This primer will help you put together any piece of furniture―without spitting nails.

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Screw driver, nuts, bolts and parts to assemble furniture
Credit: John Lawton

When Buying Ready-to-Assemble Furniture…

Come with careful measurements. Before heading to the store, be sure to write down the dimensions of the space where the furniture will go. And remember to allow for breathing room around the pieces. “My husband and I had planned a wall of closets for our little bungalow,” says contractor Amy Matthews, the host of Sweat Equity, a home-improvement show on the DIY Network. “Once we nailed the first closet together and stood the monster up, we felt as if we had shrunk to hobbit size. It was way too big.”

Know your materials. One of the most important things to consider is what your furniture is made of. The most common RTA materials are:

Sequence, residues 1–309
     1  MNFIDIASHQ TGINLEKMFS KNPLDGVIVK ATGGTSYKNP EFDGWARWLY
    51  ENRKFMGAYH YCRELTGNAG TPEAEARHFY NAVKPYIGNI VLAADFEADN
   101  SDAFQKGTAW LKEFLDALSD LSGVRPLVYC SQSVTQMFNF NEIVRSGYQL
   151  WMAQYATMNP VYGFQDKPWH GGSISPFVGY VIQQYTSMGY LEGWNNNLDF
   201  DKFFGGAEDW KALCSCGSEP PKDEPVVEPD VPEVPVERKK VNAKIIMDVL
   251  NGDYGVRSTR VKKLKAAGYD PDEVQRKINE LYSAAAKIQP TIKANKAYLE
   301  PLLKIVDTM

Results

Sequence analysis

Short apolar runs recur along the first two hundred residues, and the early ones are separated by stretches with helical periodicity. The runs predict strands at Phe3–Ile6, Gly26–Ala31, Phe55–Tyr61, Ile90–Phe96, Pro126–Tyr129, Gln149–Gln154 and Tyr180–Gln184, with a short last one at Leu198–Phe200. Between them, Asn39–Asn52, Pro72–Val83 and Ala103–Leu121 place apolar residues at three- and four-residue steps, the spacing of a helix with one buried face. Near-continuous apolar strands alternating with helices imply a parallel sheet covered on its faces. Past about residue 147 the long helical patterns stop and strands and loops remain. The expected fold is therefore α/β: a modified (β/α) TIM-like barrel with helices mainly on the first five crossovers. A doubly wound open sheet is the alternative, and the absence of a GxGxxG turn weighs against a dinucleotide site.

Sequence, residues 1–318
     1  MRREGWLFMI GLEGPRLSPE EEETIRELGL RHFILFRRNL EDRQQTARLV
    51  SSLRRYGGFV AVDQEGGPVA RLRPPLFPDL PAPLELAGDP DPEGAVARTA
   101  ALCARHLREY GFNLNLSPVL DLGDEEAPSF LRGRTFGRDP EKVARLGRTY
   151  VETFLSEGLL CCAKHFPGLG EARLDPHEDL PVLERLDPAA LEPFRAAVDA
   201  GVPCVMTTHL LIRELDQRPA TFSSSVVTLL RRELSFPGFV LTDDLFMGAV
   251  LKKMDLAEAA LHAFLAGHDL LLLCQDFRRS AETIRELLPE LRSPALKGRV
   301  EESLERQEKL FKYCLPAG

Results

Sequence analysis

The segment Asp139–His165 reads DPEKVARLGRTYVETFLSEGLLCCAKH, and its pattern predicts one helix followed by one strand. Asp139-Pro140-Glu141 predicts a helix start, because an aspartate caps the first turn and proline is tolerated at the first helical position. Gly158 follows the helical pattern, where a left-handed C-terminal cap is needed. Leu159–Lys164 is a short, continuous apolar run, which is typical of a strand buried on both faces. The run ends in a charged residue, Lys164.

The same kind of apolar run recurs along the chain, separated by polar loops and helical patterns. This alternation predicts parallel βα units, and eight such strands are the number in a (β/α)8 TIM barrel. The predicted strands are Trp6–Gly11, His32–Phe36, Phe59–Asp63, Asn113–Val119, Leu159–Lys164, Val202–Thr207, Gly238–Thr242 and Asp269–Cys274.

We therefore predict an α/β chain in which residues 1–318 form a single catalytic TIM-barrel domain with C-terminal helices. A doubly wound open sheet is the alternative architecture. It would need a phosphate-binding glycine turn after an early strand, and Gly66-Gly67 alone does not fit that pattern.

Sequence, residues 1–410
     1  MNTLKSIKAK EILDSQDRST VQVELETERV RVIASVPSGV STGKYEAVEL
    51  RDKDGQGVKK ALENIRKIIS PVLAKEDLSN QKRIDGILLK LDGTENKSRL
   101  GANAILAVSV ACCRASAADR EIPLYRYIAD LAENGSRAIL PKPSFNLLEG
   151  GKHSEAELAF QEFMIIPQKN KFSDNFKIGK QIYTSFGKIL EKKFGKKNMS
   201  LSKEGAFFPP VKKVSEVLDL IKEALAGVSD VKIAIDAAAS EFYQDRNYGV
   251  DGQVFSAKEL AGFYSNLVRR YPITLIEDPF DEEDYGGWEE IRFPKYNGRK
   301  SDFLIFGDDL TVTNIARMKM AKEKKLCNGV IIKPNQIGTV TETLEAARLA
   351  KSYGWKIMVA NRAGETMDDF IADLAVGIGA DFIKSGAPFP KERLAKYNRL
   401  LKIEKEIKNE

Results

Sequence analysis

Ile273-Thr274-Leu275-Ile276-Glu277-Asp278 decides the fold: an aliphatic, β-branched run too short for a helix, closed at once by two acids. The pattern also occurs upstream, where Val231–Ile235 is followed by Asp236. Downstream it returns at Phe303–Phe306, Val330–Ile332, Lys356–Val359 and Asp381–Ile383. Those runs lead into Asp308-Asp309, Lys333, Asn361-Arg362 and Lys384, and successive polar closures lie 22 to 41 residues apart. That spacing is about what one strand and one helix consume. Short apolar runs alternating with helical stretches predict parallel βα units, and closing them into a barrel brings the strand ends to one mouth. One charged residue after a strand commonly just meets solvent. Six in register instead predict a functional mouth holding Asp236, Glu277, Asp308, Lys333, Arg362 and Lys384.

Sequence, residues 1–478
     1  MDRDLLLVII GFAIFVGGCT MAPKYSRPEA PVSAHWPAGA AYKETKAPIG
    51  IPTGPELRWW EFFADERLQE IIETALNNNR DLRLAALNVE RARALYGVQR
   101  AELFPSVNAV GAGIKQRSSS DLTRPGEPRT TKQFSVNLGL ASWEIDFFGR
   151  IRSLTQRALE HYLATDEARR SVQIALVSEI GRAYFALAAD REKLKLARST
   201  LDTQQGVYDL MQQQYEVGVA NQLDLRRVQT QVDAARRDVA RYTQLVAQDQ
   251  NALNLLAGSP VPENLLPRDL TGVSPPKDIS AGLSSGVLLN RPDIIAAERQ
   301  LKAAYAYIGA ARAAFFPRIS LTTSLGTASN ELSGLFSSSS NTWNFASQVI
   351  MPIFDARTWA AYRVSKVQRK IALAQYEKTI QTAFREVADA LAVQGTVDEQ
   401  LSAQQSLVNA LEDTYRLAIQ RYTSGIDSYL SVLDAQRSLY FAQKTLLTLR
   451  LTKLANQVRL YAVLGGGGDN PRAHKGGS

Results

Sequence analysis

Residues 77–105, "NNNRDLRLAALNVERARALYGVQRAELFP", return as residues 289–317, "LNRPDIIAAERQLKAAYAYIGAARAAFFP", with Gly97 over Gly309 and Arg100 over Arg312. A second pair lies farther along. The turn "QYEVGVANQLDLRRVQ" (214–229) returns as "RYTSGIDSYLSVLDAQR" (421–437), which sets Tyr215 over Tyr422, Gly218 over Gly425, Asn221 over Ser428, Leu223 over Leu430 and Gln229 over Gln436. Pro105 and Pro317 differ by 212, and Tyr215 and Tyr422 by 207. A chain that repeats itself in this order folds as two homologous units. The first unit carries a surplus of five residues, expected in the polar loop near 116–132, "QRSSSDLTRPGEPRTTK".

• Particleboard, engineered wood, and plywood. These materials are generally at the lower end of the price spectrum. Particleboard (wood chips that are glued together) is not particularly strong “and doesn’t hold up well if you need to take it apart and put it together again,” says Barbara Kavovit, creator of the Barbara K tool line for women. Engineered wood, also called medium density fiberboard (MDF), is made of compressed wood fibers; it looks like wood and is just as tough. Plywood is another durable option; it’s composed of layers of wood or engineered wood stuck together.
  • Laminate and wood veneer. Next in line, pricewise, are laminate (layers of plastic glued to plywood) and wood veneer (slices of rare wood, such as ebony or mahogany, glued to a flat surface, which is often a less expensive wood, such as pine). Laminate looks like wood and is fairly durable, but unlike wood, its color and the finish won’t fade. With wood veneer, you get the best of both worlds: the grained, rich look of high-quality wood without the hefty price tag.
  • Solid hardwood. The strongest―and typically the most expensive―material, it’s great for entertainment centers that need to hold a lot of weight. Hardwood often has dovetailed joints (interlocking trapezoidal pieces) and protective finishes.